Kids intuitively grasp a lot of advanced concepts. They don’t understand the science behind them, naturally, but they get the idea.
Case in point: When I was four or five years old, I remember my dad getting me out of the tub to dry me off.
He started drying my hair first, and I protested, “no no, dry my body off first!” Dad replied, “but your hair will just drip down, honey – you’ll get all wet again.” I insisted, because I was cold, and I knew that the little singular trickles from my hair wouldn’t make me as cold as my whole wet body did. At that point in time, I had no idea what “evaporation” was (at least, I assume I didn’t;) I just understood the idea.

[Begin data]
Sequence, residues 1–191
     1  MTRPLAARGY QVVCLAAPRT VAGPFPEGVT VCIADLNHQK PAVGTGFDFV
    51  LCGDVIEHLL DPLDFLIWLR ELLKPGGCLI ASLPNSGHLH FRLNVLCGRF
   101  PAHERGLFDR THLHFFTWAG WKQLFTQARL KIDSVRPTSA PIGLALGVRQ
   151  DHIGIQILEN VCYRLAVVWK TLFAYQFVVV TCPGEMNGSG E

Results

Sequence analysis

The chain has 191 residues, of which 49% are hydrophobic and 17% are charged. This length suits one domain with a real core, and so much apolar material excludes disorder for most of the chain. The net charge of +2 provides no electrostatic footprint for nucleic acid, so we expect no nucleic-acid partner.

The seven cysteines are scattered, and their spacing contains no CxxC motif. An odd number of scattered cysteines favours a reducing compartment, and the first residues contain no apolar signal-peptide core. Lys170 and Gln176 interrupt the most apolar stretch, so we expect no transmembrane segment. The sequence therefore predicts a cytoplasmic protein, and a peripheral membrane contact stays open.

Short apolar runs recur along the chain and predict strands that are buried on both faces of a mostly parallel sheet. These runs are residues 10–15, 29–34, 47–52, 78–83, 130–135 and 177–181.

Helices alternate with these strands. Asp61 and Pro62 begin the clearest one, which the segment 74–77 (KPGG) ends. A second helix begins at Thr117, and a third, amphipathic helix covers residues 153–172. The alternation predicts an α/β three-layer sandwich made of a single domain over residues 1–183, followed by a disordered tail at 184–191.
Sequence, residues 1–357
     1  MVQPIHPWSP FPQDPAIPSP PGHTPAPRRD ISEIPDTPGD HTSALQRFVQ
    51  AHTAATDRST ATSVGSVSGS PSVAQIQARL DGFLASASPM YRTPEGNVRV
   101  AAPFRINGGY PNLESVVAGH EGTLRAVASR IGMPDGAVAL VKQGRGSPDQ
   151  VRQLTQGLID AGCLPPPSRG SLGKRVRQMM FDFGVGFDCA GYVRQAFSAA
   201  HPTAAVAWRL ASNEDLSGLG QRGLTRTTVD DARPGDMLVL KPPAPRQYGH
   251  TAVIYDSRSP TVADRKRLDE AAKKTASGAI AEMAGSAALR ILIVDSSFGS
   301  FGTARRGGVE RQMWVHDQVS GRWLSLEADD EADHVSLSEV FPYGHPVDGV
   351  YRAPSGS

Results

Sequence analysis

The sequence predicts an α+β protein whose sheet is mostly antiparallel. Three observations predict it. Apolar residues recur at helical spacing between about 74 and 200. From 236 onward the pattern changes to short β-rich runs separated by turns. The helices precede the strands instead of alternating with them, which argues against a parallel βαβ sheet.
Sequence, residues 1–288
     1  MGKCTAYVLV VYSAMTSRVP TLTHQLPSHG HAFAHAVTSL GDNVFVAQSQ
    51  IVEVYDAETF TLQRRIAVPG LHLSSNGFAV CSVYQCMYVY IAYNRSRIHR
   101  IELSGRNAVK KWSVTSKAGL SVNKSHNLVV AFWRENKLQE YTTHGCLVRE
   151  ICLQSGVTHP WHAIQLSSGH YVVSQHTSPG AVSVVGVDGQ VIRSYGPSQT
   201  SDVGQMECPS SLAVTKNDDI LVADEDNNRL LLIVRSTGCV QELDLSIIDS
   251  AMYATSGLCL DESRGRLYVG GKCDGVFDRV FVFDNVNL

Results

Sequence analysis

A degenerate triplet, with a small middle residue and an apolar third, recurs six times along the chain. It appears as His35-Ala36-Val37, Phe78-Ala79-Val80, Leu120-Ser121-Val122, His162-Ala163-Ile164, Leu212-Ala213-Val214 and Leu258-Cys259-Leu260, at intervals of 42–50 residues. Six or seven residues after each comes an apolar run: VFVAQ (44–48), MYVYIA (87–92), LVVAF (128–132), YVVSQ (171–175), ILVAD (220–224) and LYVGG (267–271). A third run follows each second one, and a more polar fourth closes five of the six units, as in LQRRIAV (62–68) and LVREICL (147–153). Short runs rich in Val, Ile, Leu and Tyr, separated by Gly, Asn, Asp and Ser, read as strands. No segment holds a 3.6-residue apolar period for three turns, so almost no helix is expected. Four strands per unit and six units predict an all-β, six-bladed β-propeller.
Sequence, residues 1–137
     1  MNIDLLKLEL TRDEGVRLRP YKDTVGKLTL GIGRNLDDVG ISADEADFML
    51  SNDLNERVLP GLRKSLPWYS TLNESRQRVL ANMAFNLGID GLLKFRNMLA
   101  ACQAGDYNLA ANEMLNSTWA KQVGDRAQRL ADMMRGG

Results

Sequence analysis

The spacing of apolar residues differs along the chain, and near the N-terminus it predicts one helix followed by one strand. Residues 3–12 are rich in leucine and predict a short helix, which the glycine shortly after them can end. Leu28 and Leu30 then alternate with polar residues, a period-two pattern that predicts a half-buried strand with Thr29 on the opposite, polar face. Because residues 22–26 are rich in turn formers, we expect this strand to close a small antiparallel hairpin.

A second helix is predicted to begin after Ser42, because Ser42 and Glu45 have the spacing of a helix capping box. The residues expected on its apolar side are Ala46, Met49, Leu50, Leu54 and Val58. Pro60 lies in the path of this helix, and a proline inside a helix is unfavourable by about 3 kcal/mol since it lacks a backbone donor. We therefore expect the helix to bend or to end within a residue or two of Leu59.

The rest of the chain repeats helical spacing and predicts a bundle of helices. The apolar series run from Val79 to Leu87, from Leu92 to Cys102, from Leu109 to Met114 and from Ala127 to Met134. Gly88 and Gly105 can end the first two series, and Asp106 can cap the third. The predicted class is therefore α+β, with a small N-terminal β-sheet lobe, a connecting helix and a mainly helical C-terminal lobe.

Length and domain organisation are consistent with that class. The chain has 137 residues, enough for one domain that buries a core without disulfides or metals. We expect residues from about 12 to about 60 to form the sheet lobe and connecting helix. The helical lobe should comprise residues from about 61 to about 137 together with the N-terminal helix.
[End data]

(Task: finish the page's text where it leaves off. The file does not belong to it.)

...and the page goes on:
We periodically have homeschooler-oriented days here at the library, and today is just such a day. One of the toddler game computers was having mouse problems. A tiny girl, barely even verbal, was on the one having problems. As I was approaching, she was trying to “fix” it herself – she had unplugged the giant, kid-sized trackball from the malfunctioning computer, and plugged it into the (working) computer next to her. I think that shows a pretty good understanding of stuff, albeit not applied correctly. 😉
She then experimentally moved the trackball, saw it wasn’t working, and looked up at me with these big, giant, blue eyes.
“Mouse?” she asked.
I am beginning to understand why parents have a difficult time saying “no” to their kids.